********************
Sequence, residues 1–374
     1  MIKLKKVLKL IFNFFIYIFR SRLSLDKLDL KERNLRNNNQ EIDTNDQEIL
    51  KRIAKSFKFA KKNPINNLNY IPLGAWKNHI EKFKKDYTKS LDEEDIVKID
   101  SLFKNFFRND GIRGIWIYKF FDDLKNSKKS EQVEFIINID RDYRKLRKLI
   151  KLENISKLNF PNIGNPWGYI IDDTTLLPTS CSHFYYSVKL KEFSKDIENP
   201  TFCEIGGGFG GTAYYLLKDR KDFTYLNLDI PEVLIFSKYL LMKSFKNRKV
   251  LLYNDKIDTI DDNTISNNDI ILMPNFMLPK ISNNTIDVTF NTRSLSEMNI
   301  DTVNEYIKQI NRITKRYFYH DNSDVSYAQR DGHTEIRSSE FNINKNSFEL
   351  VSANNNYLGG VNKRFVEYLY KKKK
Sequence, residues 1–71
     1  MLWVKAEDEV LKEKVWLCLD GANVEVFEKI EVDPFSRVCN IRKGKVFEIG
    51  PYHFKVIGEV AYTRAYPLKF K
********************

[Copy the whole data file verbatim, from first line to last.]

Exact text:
Sequence, residues 1–374
     1  MIKLKKVLKL IFNFFIYIFR SRLSLDKLDL KERNLRNNNQ EIDTNDQEIL
    51  KRIAKSFKFA KKNPINNLNY IPLGAWKNHI EKFKKDYTKS LDEEDIVKID
   101  SLFKNFFRND GIRGIWIYKF FDDLKNSKKS EQVEFIINID RDYRKLRKLI
   151  KLENISKLNF PNIGNPWGYI IDDTTLLPTS CSHFYYSVKL KEFSKDIENP
   201  TFCEIGGGFG GTAYYLLKDR KDFTYLNLDI PEVLIFSKYL LMKSFKNRKV
   251  LLYNDKIDTI DDNTISNNDI ILMPNFMLPK ISNNTIDVTF NTRSLSEMNI
   301  DTVNEYIKQI NRITKRYFYH DNSDVSYAQR DGHTEIRSSE FNINKNSFEL
   351  VSANNNYLGG VNKRFVEYLY KKKK
Sequence, residues 1–71
     1  MLWVKAEDEV LKEKVWLCLD GANVEVFEKI EVDPFSRVCN IRKGKVFEIG
    51  PYHFKVIGEV AYTRAYPLKF K